The scenes of mourning beamed in from Pyongyang spoke of a response to death that is quite alien to the modern Western world. So alien, in fact, that the question was repeatedly asked: how much of it was real?
Behind the question lies the presumption that people could not have been genuinely moved by the death of a despot, so they must have been forced to fake it.
Maybe some did fear the consequences of not conforming, but such a view plays to today's Western preconceptions. The truth may be less reassuring.
Weeping, wailing and gnashing of teeth have expressed grief down the ages. Mourning such as that witnessed in Pyongyang is regularly seen, albeit on a smaller scale, as bodies are borne through the streets at Muslim funerals. Maybe it's the quilted coats and uniforms that make the North Korean outpourings strange.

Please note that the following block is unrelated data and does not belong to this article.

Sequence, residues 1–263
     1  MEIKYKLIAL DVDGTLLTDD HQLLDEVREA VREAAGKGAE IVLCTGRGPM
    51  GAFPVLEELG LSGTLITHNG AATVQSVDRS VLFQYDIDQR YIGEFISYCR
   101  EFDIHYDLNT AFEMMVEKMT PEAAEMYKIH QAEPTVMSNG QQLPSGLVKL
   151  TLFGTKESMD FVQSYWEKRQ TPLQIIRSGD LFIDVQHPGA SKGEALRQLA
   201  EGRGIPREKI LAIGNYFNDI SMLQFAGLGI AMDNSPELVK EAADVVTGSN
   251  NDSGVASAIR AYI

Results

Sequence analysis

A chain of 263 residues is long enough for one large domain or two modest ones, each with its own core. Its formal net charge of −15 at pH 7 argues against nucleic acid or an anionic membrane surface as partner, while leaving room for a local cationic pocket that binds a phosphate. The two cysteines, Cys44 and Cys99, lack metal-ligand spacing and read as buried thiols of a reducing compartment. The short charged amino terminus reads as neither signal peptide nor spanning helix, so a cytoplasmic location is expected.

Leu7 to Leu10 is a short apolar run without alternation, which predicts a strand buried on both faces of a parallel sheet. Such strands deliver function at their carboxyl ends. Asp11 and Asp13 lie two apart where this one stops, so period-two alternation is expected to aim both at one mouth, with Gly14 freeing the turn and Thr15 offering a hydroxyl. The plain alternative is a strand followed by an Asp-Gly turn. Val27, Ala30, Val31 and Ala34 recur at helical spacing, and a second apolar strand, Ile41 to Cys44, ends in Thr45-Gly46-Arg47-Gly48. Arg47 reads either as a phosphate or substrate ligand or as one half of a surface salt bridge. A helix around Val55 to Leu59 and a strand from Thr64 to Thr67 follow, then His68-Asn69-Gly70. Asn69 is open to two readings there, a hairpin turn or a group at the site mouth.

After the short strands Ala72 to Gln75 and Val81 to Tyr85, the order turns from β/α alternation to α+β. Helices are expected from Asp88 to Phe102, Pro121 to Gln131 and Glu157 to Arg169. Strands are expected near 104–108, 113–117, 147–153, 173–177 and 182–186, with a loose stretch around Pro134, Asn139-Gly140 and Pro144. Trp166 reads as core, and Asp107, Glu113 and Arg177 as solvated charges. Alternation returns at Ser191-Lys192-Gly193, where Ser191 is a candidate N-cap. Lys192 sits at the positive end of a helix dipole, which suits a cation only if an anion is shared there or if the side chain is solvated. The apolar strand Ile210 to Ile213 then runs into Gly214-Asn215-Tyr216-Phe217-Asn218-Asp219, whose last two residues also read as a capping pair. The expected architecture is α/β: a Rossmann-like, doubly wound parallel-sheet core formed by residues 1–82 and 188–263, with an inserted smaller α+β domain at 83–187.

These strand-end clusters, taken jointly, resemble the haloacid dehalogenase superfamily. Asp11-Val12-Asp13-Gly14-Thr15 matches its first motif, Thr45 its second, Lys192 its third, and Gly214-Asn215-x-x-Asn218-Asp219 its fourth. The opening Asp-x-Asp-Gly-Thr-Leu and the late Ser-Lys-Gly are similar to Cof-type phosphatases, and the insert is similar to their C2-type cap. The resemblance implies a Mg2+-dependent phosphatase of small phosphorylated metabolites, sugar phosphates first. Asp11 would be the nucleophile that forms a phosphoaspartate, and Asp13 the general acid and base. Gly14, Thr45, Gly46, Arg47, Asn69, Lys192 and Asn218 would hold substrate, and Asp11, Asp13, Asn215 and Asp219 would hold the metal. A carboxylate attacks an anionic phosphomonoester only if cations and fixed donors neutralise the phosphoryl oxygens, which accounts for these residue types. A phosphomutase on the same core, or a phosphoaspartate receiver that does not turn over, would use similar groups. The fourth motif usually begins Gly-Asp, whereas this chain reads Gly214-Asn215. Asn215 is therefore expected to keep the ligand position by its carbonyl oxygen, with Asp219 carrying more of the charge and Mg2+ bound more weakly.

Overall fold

From a Western perspective, a whole people may have been brainwashed into "loving Big Brother", but for North Koreans, Kim Jong-il was for 17 years their one protector against the unknown. Their demonstrative grief reflects the gulf an absolute ruler leaves behind. For a parallel, consider the contemporary accounts of Stalin's obsequies – another leader whose passing might more reasonably have been cheered.
Hundreds of thousands took to the streets, many weeping. They wept in the prison camps, too. Analytical observers divined shock, fear, adoration, hysteria, and, for some, the instinct to play safe. But, whatever was going on, the mourning was not fake.